You could check out the Strad-O-Lin social group; lotsa expertise and enthusiasm there. "Strad-O-Lin" was a trademark for a line of instruments that, as you say, ranged from basic laminated "student" models to some quite fancy mandolins. Who made them, is a matter of some mystery; some say Favilla, a company that made other branded string instruments; others ID the Homenick brothers, who also manufactured -- and perhaps contracted for -- stringed instruments. There are other contenders as well; check out this recent thread. In later years, the trademark was acquired by Multivox, a distributor who sold musical instruments generally; I've seen a Strad-O-Lin trombone advertised.

    One thing that most agree on: Strad-O-Lins, which are generally journeyman-level in terms of finish, ornamentation, tailpiece/tuner quality etc., can sound a lot better than they look. I was told about this perhaps 40 years ago, by an instrument dealer for whom I worked a bit part-time. I've owned two, the first of which cost me $50 plus about $150 in repairs. I traded it in on the $275 one I own now. For quite a while Strad-O-Lins were sorta "insider information"; those of us who owned one would chuckle to think that we'd acquired such decent instruments "on the cheap." In the last few years, the word's gotten out, and prices have risen significantly. In fact, some of the less desirable low-end models have unrealistic asking prices, IMHO.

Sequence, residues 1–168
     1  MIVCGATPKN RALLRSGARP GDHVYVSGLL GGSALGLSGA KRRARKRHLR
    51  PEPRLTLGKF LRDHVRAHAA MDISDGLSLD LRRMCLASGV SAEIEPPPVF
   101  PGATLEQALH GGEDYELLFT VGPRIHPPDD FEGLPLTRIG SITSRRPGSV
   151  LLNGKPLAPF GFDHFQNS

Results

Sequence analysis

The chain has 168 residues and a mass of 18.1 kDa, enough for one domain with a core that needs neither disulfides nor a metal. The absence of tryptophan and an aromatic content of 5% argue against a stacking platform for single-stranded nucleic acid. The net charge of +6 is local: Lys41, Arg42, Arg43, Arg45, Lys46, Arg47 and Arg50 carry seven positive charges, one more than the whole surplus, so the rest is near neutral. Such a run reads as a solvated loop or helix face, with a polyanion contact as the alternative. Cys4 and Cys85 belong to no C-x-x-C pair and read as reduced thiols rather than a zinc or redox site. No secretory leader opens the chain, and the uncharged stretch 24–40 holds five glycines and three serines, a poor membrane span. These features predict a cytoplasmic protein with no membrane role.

If you search Cafe threads for Strad-O-Lin, you'll find plenty of discussion. The "mystery" of who actually made them, has added to their attraction, IMHO, but they stand on their own as solid mid-range instruments. I've performed with mine, recorded with it, and am not embarrassed to take it to a jam with Gibsons and Webers. It's probably had more playing time over the years than any other one I own. You have to know your stuff -- or get advice from someone who does -- if you're considering buying one; solid wood, decent usable tuners with non-crumbled buttons, general overall condition. There are quite a few of them out there; hardly a week goes by that a Strad-O-Lin thread doesn't turn up here. Good luck, and get a good'un!